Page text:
Similar to a featured snippet, a search result table pulls tabular data off a webpage when it is relevant to a query and links to the source.
Since Alphabet owns Google and YouTube, the videos that show in Google search results will usually be YouTube videos. These are everywhere. Sometimes it’s a single video, but you’ll often see carousels of videos. As increasingly more users start preferring video content, these results may see higher click-through rates than the site links around them.
Rich snippets are rankings, prices, or reviews under URL/page title listings. They’re great for differentiating your listing from the competition and encouraging users to click through.
One of the most important rich snippets is the review snippet. Like a listing on Yelp or Google Maps, a review snippet is not only visually engaging but also a valuable source of reviews that provide powerful social proof that your services are high quality.
Last but not least, mobile rich cards are rich snippets that look even more prominent on the mobile layout.
Yet another SERP feature, the knowledge graph will show up for branded searches of entities, like people and organizations. A knowledge graph will often include links to notable people, services, and information from Wikipedia. Having a knowledge graph helps your company’s presence on a branded SERP that may have competitor ads or sites listed on it. It also adds a layer of legitimacy to a brand.
Similar to the knowledge graph, but for brick and mortar locations, a knowledge panel will pull information from Google My Business and Google Maps data. It has the same benefits as a knowledge graph (as long as your reviews are good).
Local packs are Google Maps results displayed in a compact format, often for queries involving generic services available locally (e.g., pizza, takeout, laundry, hospital, etc.). They’re the #1 most important SERP feature to capture for local businesses that serve a particular geographic location.
Related Questions Boxes
Similar to a featured snippet, the related questions box displays a box of questions and answers. But a related questions box is a lot less coveted than a featured snippet because you have to share the space with several other competing sources. However, you do get a link to your site.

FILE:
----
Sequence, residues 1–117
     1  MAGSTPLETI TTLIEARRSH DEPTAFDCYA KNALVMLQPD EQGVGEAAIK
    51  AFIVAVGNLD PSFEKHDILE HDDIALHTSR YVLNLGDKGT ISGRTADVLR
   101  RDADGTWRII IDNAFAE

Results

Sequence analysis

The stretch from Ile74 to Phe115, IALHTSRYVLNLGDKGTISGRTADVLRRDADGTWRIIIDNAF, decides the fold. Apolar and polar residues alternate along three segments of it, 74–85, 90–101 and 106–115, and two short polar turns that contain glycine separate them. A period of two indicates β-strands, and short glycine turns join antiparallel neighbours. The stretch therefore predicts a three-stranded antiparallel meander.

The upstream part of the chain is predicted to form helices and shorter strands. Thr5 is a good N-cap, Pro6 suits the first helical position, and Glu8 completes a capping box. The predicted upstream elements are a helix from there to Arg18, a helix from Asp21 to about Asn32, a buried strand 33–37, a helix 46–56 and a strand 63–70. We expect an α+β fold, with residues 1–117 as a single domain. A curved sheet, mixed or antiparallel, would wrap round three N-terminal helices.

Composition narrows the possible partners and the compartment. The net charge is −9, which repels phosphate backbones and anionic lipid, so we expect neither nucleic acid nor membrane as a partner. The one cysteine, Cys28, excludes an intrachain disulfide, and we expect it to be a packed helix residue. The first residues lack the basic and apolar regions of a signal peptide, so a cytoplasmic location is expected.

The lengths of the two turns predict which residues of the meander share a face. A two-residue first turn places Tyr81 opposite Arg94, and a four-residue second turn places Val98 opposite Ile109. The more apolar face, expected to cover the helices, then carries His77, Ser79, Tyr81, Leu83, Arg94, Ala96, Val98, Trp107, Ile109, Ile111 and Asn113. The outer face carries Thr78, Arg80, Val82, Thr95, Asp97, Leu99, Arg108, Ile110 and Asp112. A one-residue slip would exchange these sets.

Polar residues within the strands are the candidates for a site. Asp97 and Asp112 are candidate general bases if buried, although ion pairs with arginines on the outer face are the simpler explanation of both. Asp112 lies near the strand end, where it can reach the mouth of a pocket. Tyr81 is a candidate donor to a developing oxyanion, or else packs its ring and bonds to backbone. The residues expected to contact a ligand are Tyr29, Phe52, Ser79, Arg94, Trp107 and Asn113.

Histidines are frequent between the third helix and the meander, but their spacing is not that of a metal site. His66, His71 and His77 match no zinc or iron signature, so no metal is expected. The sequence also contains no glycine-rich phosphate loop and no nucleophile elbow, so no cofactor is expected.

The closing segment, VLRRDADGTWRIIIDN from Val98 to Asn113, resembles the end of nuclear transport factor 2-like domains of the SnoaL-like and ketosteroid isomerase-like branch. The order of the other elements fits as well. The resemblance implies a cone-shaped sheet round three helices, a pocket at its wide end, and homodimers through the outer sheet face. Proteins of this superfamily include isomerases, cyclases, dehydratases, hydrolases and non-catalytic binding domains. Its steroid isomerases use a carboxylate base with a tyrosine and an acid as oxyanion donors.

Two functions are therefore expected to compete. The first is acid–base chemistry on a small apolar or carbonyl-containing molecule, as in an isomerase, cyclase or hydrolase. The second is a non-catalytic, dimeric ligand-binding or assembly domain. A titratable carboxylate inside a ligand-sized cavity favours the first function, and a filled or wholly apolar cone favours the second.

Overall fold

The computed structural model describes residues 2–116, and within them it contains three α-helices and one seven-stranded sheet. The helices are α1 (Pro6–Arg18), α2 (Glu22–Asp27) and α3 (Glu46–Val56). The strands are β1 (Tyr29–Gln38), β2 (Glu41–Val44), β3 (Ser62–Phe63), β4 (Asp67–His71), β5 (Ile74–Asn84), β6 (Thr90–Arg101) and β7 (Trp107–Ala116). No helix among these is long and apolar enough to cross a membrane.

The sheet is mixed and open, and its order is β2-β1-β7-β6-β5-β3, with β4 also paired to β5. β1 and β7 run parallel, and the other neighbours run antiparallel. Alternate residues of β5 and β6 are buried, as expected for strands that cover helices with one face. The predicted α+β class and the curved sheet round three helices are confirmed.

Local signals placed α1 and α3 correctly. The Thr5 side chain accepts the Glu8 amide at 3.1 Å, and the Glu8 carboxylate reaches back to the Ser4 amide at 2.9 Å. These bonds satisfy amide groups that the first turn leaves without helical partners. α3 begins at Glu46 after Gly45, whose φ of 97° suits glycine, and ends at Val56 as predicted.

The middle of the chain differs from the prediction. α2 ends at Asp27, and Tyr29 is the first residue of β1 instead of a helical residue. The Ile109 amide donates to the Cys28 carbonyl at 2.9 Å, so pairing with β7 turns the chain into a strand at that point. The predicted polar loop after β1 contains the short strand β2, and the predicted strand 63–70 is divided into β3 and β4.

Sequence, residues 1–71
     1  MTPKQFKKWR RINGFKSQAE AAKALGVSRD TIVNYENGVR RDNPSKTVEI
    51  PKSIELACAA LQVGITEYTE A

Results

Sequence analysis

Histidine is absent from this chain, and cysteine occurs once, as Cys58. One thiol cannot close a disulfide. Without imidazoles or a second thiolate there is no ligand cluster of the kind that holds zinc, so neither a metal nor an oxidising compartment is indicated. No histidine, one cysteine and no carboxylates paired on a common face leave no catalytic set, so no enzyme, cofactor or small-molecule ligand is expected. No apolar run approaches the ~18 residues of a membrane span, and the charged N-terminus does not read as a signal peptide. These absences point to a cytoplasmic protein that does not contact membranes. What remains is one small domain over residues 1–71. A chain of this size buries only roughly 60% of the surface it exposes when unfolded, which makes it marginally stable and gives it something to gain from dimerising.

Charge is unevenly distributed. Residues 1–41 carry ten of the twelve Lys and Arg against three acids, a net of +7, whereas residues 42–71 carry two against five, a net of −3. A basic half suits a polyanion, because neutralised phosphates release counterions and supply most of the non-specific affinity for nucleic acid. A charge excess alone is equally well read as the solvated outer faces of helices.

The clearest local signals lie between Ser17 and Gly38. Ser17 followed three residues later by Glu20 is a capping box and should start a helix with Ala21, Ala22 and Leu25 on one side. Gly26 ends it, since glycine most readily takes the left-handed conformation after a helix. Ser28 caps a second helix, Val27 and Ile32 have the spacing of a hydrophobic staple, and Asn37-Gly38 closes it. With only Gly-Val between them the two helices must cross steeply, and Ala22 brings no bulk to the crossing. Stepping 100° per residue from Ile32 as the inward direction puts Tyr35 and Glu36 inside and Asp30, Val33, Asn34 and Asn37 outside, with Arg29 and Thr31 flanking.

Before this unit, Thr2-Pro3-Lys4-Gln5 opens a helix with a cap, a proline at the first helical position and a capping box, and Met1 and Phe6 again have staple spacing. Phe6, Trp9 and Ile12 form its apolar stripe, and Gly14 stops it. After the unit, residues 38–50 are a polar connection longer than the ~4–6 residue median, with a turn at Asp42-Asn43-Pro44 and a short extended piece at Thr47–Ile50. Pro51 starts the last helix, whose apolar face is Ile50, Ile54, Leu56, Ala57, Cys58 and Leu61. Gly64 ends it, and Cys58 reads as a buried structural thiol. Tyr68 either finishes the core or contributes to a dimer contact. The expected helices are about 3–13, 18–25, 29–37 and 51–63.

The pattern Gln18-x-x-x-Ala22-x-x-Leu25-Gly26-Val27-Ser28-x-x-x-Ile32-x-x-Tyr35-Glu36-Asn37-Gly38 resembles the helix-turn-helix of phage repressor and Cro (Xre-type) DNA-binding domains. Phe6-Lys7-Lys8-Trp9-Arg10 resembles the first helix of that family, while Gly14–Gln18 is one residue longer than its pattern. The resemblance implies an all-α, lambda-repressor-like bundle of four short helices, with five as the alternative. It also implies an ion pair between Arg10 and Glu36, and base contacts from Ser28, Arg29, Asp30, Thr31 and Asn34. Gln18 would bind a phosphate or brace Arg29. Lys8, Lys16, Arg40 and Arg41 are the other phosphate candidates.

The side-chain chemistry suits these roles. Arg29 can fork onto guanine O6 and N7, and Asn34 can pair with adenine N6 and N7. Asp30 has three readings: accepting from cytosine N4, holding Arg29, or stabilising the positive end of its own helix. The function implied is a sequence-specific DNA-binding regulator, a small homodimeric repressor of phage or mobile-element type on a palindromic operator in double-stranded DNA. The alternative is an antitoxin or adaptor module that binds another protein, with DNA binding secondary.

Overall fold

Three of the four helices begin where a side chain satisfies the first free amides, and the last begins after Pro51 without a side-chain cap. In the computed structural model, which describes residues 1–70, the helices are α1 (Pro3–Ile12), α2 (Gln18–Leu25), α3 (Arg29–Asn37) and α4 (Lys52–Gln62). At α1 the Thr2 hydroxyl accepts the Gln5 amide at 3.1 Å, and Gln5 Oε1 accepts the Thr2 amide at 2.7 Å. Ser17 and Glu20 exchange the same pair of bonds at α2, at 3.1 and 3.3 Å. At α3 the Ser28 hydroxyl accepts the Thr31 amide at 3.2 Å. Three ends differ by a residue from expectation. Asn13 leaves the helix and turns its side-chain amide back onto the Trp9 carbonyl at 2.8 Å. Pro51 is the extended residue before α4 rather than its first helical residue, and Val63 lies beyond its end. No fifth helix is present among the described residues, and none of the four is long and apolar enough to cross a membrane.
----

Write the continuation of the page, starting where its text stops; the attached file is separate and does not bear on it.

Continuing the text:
Much like how a local pack is a list of businesses from Google Maps, an image pack is a series of images drawn from Google Images that appears on a SERP (but not always at the very top) for a particular query.
Generally speaking, image packs are not likely to lead to a click-through unless an image that compels users to get more context.
The types of images that typically elicit curiosity include infographics or product images, where a user may want to click to purchase a product based on how it looks compared to other options.
Site links are links to pages within your site; they take up a lot of real estate on the SERP. Site links are most likely to show on full brand name searches. For example, a search for just ‘Nava Health’ returns a SERP with no site links, whereas a search for ‘Nava Health and Vitality’ shows a SERP with site links.
These show a carousel of tweets when you search brand names.
For timely topics or large brands and entities, Google may choose to display relevant news stories in a carousel format. These are usually from established news sources.
This is prime real estate even though you share it with competitors. Carousels appear for a variety of queries, but they’re common with software, university, book, and game queries where there are many options and people want to know which is best.
We wrote an entire article about the carousel SERP feature and how to improve your chances of showing up prominently on one. Check out the article for more details.
This is a SERP feature that appears in almost every SERP. It’s a list of related searches that Google shows at the bottom of SERPs.
Which queries contain which SERP features?
There’s no single answer to this question, but I’ve given some general guidelines for which types of queries will host which kinds of SERP features. You can do manual searches to test SERP features, but there are also automated tools that will check for you. For example, SEMRush’s position tracking feature identifies SERP features for the various keywords you track.
Your quest has only just begun!
There are many different types of Google search results, and each feature has different desirability depending on its impact on SERP presence and the resulting traffic you can get. Being aware of which SERP features appear for the queries you care about will give you dozens of opportunities to leapfrog your competition and capture valuable real estate.
Now that you know what SERP features are out there, our next installment in this series will clue you in on how to influence SERP features and capture the coveted ranking #0!
Which SERP feature do you think is most important for B2B marketing? What about B2C? My personal favorite for B2B is the featured snippet—let me know yours in the comments below.